The History of the Asia Pacific Visitors Conference (APVC)
by Hugh O'Donnell, C.M.
Executive Secretary of the APVC*
The predecessor of the Asia Pacific Visitors Conference, which itself held its first meeting in April 1994, dates back 13 years to August 1981. The meeting was called the “Asian Provincials' Meeting,” but by 1994 no one had remembered it, except through some pictures produced by one of the participants.
Asian Provincials' Meeting, August 1981. The minutes of the August 1981 meeting reveal, however, a substantive agenda with Fr. Richard Mc Cullen, who was elected Superior General the previous year, attending the meeting. Fr. Paul Henzmann, the Secretary General, was with him. The provincials were four in number: Fr. Anthony Netikat from India, Fr. Rolando DelaGoza from the Philippines, Fr. I. Suharto from Indonesia and Fr. Keith Turnbull from Australia. The meeting was held in Sydney.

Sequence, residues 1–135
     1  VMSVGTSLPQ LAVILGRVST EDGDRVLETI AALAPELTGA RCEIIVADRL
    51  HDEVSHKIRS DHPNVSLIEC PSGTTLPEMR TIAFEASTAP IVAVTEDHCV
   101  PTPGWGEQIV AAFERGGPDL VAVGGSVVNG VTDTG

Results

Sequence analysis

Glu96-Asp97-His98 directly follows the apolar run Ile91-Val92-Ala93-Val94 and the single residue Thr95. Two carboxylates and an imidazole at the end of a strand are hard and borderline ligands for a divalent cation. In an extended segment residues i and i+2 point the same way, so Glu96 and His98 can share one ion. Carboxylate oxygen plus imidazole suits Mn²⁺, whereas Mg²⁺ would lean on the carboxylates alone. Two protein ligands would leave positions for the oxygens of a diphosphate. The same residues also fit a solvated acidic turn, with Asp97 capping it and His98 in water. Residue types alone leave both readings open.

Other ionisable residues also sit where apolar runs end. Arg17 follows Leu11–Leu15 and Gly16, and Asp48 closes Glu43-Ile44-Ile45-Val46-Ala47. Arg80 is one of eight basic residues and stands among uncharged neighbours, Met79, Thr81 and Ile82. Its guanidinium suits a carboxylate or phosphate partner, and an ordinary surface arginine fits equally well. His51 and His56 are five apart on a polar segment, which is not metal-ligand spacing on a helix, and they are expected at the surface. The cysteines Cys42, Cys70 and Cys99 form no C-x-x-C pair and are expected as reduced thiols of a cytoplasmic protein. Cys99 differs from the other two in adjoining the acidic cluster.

The Constitutions and Statues had been completed a year earlier in the General Assembly of 1980 and the English translation was already in circulation among the confreres of the region. The principal theme of the meeting was how to help the confreres understand and appreciate the spirit and thrust of the Constitutions and Statutes, as well as how to foster the changes and transformations that would be called for in the provinces and the lives of the confreres. Since a principal means was to be a follow-up provincial assembly, considerable attention was paid to the ways of making the assemblies fruitful. On the agenda there were also three other topics for discussion: 1) the promotion of vocations, 2) the specific needs of the individual provinces, and 3) ways in which the Curia could be of help. It is clear from the minutes that regional collaboration, which was to become the focus of APVC, was not yet a central theme. In light of subsequent developments, however, it is interesting to note that there already was a longing for deeper formation in the charism of Vincent and Vincentian heritage.